Yes, that is a problem with any app that you distribute that has any embedded
keys. Unfortunately, you ultimately can't really entirely secure anything you
ship that a user can run on their own machine. You can however take a few steps
to make that extremely difficult by encrypting and obfuscating your consumer
keys/secrets in your app package before you distribute. Nothing is impossible
to reverse engineer if you can get your hands on it (look at iTunes), but you
can make it take so long and be so hard that it becomes to hard and almost
everyone gives up (look at iTunes 9).
One thing I wish was easier though for desktop apps and OAuth is if most API
providers would make it possible to have multiple consumers and secrets out for
the same app at the same time. You can then rotate new ones in constantly in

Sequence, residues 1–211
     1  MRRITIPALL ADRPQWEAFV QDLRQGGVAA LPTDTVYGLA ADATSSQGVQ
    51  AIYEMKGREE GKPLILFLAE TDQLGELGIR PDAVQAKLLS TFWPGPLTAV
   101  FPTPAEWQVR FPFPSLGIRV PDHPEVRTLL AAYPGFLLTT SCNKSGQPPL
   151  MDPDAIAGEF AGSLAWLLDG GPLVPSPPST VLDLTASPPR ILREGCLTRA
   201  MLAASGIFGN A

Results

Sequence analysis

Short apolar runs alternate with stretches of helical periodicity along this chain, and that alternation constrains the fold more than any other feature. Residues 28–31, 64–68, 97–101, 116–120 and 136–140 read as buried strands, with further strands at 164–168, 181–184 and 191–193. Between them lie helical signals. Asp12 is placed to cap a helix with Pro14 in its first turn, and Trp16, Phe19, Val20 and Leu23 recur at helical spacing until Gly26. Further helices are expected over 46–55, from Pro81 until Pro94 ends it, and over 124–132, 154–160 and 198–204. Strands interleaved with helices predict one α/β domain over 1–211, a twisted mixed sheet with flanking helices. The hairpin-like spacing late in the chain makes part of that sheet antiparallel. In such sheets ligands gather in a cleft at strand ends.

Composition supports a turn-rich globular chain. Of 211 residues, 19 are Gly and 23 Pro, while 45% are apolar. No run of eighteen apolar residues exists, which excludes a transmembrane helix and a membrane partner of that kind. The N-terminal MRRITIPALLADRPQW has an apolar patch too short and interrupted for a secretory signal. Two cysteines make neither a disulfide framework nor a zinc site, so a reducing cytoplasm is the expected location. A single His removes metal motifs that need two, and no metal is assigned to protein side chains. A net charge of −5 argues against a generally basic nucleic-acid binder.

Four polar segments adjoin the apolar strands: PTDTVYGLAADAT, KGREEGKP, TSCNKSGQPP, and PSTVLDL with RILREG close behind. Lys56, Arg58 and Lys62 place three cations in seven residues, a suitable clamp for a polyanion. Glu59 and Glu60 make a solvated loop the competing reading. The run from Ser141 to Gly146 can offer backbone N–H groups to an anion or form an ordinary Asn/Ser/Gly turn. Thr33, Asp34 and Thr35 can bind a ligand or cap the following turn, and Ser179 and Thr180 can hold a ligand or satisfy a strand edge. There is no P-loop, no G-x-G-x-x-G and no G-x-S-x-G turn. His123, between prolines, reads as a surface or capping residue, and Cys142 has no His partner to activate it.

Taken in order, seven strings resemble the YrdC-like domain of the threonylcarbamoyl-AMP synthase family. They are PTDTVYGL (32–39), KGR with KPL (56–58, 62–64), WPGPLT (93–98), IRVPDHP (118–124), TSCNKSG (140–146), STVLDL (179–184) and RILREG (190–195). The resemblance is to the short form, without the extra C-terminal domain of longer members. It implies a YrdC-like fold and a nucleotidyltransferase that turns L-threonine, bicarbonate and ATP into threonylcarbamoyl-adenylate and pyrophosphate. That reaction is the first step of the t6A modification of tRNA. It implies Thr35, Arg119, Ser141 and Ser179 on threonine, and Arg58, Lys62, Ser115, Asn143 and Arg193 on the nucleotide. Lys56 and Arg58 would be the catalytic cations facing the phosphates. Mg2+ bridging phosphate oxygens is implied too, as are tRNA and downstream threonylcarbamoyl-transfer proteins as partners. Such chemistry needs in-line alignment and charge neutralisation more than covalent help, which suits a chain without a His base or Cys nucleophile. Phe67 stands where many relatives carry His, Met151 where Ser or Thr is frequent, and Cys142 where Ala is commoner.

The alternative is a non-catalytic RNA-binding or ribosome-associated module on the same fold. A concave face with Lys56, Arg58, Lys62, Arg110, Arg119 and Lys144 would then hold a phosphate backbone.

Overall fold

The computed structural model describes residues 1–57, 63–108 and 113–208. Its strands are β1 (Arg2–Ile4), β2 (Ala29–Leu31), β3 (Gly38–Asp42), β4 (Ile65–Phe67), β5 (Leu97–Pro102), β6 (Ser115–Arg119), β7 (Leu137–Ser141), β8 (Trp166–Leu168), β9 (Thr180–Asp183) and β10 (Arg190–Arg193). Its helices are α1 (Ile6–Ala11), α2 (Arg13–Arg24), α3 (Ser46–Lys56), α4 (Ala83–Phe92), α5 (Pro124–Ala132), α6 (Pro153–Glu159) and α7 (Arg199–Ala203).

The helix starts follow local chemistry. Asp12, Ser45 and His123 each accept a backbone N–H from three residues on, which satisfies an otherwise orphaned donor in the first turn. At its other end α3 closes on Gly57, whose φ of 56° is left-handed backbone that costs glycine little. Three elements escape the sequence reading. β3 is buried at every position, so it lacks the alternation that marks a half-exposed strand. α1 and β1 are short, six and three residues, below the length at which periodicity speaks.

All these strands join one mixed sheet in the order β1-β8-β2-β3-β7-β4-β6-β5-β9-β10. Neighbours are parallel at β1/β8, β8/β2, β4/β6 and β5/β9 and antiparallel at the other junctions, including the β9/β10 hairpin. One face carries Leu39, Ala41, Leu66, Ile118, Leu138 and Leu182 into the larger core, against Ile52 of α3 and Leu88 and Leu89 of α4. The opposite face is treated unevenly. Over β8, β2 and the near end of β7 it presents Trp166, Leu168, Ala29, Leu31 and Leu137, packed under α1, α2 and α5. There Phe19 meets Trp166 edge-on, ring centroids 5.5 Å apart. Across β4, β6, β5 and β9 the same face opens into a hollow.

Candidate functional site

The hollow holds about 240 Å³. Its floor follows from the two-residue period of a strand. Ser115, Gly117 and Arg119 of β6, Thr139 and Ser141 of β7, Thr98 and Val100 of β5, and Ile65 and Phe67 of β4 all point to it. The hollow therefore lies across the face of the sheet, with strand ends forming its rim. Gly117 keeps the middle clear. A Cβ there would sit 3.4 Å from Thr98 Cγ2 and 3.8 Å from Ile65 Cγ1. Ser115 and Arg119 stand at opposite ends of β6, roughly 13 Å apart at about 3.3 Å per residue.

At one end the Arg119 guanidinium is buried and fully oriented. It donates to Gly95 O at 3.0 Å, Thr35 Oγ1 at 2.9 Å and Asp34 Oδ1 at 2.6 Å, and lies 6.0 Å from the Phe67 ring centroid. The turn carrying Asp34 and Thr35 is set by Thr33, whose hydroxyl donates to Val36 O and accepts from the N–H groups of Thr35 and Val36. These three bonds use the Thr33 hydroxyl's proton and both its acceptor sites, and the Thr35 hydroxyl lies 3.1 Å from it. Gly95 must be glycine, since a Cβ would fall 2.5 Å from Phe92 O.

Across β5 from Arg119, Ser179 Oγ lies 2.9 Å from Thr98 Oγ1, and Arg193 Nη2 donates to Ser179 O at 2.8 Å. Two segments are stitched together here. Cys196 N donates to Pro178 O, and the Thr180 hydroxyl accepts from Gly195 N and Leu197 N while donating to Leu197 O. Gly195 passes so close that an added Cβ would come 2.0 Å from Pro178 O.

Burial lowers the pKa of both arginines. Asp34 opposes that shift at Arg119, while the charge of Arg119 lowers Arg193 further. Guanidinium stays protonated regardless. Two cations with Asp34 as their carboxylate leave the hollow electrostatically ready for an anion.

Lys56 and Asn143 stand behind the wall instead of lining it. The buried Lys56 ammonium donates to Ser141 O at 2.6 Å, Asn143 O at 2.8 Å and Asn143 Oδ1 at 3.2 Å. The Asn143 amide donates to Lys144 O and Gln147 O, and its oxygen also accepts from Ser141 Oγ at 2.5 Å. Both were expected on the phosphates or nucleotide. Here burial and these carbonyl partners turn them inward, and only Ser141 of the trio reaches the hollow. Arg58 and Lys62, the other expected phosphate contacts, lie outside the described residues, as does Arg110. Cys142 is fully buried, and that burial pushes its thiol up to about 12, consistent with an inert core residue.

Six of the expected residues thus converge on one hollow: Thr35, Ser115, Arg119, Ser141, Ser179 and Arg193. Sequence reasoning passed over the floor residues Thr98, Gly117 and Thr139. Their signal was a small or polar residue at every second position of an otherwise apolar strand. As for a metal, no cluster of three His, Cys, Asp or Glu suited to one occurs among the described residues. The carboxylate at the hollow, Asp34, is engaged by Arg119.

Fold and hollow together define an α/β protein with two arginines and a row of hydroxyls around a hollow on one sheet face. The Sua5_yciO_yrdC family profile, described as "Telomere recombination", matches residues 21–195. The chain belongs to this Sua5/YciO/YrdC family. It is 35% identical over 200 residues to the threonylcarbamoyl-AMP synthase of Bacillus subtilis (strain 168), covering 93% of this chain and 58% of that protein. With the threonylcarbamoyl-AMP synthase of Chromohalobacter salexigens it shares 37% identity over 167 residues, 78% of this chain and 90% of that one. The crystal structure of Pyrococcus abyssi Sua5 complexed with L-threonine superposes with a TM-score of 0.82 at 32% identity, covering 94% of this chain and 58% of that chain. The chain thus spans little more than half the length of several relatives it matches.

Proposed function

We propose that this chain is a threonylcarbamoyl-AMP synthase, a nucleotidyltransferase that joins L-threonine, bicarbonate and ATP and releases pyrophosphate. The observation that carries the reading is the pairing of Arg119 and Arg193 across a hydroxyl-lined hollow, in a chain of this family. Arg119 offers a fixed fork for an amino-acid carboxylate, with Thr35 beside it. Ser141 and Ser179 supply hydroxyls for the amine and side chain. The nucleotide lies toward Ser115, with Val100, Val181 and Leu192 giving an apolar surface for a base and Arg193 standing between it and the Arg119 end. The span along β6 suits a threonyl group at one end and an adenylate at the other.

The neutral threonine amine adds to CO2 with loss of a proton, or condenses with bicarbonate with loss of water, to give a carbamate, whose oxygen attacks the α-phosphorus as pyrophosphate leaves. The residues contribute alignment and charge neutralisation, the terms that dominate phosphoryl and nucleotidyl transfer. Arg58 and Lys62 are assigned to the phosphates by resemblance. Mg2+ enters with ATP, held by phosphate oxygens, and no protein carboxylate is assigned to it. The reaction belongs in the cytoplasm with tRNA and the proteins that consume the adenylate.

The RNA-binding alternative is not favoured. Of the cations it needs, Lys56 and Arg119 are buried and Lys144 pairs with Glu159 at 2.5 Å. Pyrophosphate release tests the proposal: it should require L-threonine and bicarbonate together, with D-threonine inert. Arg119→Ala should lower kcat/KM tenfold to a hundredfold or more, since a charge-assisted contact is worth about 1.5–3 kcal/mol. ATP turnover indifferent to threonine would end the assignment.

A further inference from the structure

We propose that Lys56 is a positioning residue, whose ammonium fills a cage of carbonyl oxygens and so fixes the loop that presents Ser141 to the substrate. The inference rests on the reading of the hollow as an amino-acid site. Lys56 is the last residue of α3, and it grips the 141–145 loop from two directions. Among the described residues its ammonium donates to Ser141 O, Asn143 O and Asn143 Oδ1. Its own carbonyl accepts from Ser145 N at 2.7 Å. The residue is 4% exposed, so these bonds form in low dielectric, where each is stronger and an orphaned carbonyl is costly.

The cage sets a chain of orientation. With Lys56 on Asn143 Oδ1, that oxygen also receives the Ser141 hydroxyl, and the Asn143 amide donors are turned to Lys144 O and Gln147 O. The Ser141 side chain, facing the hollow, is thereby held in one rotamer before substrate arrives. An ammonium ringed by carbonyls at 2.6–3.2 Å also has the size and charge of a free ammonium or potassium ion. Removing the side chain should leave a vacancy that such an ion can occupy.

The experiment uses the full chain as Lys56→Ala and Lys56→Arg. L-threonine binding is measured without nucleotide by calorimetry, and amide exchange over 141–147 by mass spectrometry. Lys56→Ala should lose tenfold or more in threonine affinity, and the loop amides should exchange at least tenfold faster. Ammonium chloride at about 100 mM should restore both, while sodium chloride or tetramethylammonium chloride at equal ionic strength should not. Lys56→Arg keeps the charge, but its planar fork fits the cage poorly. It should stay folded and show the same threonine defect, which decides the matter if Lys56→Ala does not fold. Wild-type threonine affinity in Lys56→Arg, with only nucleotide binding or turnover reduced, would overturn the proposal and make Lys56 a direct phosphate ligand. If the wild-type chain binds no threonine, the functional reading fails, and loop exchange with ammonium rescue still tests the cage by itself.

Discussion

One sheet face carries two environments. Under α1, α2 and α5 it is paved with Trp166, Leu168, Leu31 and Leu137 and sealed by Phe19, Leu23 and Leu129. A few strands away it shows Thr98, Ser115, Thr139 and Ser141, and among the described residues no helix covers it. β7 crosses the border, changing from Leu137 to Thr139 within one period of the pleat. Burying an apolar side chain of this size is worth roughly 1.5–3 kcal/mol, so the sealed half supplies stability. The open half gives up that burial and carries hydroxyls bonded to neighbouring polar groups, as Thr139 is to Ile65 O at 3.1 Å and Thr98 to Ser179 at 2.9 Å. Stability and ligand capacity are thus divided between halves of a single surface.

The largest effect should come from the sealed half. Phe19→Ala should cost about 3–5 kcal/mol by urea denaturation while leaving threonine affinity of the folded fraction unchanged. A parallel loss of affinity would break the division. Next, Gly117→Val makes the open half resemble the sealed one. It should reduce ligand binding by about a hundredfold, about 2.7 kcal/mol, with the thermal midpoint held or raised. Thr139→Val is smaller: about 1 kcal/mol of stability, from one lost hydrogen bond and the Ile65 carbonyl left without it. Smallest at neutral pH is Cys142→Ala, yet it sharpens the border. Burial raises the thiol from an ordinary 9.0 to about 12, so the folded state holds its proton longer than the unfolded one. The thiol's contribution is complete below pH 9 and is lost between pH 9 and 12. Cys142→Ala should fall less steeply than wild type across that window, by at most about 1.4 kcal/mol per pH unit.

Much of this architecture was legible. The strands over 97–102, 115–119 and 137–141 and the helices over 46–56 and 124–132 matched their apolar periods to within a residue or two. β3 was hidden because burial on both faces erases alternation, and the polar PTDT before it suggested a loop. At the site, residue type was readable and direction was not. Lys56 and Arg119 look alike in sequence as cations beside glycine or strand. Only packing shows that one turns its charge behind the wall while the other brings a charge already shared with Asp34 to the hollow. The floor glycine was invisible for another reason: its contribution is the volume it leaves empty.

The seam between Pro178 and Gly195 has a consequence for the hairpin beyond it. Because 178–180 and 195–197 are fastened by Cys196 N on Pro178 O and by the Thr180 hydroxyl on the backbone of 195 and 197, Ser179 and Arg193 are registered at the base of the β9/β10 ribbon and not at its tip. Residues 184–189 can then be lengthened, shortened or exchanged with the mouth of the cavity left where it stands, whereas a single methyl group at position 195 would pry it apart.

your builds and if one key is discovered or extracted and abused and revoked,
all the versions of your app wouldn't be affected. It's something we do with
SSL client certificates against our API when we ship a new build (even each of
our nightly builds has its own certificate). If someone extracts it and tries
to use it, then we can blacklist that one certificate and it doesn't take down
all the versions of our apps.
On Jun 12, 2010, at 1:59 AM, Jef Poskanzer wrote:
> I don't understand why you are suggesting this only for open source
> programs. Were you thinking that an attacker would be incapable of
> decompiling an executable and extracting the secret?